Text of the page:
“The role of specific research questions is to guide the researcher what data to be collected about any case. It would be quite difficult or in most cases impossible to cover “everything” of any unit of research. Therefore, narrowing down the scope with specific research questions will make a research process doable (Yin, 2009, p. 29).” Here, the author demonstrates his expertise in identifying and specifying research questions to a narrow focus that is confined with multiparty political competition. He adds a new dimension (multiparty dynamic) to look into the political history in the process of democratization. So it can be justified to claim that the research questions have the importance in the real world and at the same time it would make specific contribution in political science literature. Thus the research questions meet the two criteria suggested by King et al. (1994).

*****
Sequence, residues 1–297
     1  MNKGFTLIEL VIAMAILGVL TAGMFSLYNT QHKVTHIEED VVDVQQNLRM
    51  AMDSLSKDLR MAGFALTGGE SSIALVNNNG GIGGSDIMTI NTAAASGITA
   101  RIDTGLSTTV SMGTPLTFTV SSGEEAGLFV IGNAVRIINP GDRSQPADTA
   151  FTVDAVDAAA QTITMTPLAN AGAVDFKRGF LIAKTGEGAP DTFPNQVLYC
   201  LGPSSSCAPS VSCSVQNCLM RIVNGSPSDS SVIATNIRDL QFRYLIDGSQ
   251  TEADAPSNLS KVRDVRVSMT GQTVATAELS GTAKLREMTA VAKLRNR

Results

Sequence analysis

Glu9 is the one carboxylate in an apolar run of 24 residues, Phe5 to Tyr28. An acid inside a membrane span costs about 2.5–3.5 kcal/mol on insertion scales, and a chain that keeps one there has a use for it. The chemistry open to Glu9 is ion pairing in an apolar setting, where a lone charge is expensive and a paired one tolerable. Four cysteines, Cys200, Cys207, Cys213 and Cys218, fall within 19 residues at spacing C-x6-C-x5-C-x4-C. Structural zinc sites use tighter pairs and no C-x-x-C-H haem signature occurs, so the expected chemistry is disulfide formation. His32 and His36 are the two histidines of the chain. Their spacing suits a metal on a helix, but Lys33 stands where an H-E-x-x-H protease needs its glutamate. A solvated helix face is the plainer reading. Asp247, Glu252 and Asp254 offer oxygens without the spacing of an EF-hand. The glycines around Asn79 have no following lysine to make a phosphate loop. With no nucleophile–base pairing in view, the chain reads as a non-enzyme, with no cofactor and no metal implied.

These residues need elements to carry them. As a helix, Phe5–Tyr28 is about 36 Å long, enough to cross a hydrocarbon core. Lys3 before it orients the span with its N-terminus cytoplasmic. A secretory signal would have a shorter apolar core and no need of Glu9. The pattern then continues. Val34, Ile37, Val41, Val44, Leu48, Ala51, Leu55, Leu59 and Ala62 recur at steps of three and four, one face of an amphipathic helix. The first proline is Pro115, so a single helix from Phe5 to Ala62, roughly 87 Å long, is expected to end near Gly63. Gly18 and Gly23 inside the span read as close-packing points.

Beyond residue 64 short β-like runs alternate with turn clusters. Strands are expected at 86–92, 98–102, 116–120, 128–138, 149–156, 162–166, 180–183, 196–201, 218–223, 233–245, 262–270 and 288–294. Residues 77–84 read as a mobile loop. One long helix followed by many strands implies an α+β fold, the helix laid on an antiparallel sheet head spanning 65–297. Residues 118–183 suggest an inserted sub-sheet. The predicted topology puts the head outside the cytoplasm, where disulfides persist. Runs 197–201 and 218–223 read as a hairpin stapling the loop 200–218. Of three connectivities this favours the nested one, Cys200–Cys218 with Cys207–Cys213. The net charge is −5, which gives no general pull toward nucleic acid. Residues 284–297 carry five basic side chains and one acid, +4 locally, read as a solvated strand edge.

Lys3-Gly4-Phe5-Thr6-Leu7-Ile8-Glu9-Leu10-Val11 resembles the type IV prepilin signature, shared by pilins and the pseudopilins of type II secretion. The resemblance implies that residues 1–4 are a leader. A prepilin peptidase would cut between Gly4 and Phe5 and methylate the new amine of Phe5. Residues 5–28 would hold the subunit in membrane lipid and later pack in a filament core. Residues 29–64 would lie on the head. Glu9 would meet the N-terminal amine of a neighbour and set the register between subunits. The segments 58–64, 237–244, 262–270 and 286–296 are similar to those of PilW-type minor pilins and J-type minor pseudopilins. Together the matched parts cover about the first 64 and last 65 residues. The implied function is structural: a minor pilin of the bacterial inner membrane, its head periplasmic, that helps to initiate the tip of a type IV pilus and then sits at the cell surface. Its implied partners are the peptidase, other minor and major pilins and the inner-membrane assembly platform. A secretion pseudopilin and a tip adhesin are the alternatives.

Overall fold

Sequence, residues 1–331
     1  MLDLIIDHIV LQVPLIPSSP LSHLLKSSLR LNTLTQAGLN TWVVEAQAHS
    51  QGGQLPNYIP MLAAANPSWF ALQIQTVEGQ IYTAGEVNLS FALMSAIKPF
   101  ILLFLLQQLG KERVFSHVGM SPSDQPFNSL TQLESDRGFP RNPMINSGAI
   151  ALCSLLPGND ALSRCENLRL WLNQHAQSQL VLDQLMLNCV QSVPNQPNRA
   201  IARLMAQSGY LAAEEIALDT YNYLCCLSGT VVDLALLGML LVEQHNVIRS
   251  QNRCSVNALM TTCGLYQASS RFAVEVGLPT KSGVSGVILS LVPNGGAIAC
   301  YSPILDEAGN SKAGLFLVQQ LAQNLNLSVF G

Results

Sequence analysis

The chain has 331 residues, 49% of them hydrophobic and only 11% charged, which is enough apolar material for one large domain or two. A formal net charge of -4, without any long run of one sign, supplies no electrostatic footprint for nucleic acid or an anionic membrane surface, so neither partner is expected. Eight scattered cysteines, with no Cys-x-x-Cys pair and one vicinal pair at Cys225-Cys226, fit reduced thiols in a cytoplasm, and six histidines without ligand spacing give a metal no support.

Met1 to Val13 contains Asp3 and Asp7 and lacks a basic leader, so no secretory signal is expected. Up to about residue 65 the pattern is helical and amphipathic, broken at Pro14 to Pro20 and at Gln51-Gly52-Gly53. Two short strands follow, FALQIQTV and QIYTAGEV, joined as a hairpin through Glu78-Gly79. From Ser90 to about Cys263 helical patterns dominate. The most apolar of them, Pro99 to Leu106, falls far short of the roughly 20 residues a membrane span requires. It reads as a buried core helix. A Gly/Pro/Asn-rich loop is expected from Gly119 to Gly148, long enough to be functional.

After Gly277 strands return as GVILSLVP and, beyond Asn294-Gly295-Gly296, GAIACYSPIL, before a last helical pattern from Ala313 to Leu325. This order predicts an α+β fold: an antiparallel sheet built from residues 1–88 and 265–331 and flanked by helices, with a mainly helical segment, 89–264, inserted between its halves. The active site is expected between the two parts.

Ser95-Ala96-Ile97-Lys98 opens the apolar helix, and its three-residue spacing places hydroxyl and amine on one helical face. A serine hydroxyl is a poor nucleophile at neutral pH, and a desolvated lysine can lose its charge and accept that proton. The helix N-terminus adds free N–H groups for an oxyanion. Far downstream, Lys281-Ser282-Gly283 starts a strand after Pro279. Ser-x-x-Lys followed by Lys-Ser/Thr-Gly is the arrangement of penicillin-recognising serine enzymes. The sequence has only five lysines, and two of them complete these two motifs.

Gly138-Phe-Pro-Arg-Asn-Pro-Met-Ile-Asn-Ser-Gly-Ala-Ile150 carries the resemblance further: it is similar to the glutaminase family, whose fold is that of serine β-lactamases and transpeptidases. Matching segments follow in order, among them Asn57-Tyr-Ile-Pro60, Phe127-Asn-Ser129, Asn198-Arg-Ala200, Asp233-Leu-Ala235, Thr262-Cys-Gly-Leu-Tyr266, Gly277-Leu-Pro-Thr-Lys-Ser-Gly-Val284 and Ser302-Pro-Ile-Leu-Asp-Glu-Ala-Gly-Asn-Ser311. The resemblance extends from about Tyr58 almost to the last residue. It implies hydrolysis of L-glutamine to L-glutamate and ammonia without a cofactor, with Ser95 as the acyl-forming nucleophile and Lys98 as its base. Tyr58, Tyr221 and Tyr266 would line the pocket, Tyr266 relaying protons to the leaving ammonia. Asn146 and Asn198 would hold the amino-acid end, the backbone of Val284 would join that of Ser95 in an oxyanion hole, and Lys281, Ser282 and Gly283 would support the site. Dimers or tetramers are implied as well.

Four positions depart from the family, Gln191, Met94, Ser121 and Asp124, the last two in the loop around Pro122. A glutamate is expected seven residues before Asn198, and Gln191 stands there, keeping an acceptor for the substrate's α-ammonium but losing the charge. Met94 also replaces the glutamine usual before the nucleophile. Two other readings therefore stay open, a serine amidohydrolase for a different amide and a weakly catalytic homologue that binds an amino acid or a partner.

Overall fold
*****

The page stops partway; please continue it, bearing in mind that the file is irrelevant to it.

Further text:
Case Selection Ragin (1992) states that “every social phenomenon analyzed with specific time and place can be considered as case. In a study, the case can be an individual or group, an event or entity, any phenomenon, a geographical area or country.” Again, Yin (2009) argued that “in a case study research, the important conditions for a case are: it should be specific, real-life phenomenon, contemporary events, and no distinguishable boundaries between phenomenon and context.”